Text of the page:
Manage your costs
- Think carefully about any new purchases. Are there other options available
that would serve the same purpose?
- Could costs be reduced by changing the way you do things? For instance,
travel costs can be reduced by telephone or video conferencing.
- Compare the prices of services like telephone and broadband.
- Consider moving to smaller premises to reduce rent and rates payments.
- Avoid signing up to long-term contracts.
Managing your cashflow
- Create a realistic forecast of future cashflow.
- It is also worth running several scenarios to see how the business would
stand in the event of certain circumstances, i.e. loss of customers, delays
in receipt of payment.
Manage your debts
- Credit checking prospective customers can flag up warning signals. For example,
changes in ownership, address or scope of activity should prompt a closer look
at their credit rating. It is worth keeping tabs even on longstanding customers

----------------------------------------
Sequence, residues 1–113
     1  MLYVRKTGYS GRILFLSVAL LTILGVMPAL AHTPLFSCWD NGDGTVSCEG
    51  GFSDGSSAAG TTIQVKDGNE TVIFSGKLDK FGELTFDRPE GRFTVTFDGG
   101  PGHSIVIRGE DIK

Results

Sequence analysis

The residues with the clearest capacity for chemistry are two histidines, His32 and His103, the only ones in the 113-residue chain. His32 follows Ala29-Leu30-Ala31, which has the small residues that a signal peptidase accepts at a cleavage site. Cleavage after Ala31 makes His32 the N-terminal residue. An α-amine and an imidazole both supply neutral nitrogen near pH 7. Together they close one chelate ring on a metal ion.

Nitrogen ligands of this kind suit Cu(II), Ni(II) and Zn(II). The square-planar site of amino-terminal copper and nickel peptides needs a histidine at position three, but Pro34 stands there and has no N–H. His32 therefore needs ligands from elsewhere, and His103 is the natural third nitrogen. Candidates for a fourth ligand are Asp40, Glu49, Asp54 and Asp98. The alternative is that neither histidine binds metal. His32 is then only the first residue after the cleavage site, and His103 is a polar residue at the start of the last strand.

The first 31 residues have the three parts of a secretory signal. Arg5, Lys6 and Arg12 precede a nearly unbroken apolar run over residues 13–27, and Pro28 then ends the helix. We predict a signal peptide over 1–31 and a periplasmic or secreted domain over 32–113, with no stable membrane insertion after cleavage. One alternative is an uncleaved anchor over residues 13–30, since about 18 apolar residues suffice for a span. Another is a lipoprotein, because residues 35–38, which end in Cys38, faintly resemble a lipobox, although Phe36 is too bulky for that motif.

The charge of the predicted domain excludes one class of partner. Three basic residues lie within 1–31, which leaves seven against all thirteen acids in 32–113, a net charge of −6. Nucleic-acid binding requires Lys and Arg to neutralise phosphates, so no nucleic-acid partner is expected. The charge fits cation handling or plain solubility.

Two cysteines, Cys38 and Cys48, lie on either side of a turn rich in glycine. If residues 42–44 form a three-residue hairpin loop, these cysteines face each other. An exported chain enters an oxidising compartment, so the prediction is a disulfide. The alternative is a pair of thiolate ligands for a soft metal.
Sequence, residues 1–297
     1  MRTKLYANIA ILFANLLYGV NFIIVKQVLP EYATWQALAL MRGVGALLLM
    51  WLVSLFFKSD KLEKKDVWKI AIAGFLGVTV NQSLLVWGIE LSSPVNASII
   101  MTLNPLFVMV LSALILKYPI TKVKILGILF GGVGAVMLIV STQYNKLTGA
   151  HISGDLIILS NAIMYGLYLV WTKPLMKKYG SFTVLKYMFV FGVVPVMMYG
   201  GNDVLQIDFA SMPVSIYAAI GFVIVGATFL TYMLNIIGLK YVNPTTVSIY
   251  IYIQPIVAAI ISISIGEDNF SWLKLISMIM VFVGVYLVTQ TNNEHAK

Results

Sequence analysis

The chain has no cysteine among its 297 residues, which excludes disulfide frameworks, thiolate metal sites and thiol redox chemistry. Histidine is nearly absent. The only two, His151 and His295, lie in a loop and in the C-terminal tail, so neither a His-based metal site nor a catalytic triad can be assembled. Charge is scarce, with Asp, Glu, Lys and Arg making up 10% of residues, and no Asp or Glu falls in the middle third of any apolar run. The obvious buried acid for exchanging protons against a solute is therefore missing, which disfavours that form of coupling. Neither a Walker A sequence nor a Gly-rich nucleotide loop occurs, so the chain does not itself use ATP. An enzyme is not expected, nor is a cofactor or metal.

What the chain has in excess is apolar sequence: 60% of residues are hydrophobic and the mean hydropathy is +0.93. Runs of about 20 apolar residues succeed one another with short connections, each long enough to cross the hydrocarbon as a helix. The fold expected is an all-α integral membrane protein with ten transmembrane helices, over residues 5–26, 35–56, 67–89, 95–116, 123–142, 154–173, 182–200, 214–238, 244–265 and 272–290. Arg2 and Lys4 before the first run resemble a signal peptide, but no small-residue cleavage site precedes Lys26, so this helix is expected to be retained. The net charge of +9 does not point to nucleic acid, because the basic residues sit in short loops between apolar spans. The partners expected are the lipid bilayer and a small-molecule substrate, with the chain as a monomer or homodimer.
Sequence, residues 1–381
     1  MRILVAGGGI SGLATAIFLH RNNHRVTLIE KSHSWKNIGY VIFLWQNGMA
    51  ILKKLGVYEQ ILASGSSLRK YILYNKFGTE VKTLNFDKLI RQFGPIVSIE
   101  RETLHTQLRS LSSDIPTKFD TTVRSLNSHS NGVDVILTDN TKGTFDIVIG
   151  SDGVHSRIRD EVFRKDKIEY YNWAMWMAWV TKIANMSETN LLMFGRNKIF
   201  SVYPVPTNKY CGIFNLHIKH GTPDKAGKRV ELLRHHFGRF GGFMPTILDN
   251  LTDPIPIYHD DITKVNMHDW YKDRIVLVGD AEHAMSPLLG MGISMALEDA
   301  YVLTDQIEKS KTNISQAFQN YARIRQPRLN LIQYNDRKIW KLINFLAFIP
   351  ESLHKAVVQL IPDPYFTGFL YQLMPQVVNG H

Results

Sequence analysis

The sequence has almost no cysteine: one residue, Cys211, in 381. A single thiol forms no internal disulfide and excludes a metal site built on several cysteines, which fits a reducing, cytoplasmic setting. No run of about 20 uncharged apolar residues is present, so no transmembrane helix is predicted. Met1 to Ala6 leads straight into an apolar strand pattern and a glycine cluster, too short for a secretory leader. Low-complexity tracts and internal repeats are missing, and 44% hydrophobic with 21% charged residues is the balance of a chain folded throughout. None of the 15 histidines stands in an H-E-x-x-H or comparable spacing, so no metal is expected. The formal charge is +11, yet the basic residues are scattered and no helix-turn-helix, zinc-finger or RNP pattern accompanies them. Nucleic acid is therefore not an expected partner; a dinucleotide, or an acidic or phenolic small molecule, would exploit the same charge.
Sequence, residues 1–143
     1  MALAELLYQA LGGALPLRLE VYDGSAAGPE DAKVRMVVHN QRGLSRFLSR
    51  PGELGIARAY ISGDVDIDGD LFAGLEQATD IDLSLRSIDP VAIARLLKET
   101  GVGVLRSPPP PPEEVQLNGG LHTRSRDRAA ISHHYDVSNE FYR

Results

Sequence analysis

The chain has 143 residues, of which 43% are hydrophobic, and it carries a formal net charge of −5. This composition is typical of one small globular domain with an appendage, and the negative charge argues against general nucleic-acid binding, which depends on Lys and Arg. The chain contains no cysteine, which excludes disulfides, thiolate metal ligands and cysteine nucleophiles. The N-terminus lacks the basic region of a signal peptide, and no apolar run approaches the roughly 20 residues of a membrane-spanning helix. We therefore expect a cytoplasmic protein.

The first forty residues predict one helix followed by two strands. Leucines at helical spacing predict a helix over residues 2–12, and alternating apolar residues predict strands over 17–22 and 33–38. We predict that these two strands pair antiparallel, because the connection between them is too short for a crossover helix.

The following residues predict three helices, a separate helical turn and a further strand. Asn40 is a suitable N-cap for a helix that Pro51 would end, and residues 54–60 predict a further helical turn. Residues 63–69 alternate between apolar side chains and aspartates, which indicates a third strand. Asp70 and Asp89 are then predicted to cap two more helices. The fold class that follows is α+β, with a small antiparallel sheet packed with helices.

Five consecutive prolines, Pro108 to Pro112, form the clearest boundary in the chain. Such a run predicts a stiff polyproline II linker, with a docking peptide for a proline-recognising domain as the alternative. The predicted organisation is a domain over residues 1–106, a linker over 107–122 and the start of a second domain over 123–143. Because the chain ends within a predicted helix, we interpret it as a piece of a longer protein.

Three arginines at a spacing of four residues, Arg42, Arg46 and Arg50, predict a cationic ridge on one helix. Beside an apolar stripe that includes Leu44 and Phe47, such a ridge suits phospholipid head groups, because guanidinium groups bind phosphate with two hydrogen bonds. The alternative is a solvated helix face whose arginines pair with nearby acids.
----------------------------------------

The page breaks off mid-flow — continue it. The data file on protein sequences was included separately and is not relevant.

as circumstances can change.
- Keep an eye out for any change in customers payment histories. If
a previously excellent paying customer starts taking longer to pay, it could
be the first sign that they are suffering cashflow problems.
- Provide details of your terms and conditions at every point of contact.
- Chase your debts regularly.
- Keep accounts up to date. Good record keeping is essential for credit management.
- Investing in skills and training can increase the competitiveness of your
business and improve the performance of your staff.
- Consider whether existing staff can fill any roles where you are thinking
- Ensure that your recruitment is effective, take the time to find the right
person for the job.
Loans and grants
- Check that you are getting the best deal for your business from your bank.
- Thoroughly investigate the options before changing bank accounts.
- Check the fine print for hidden charges and interest rates.
Further useful information can be found at the following websites.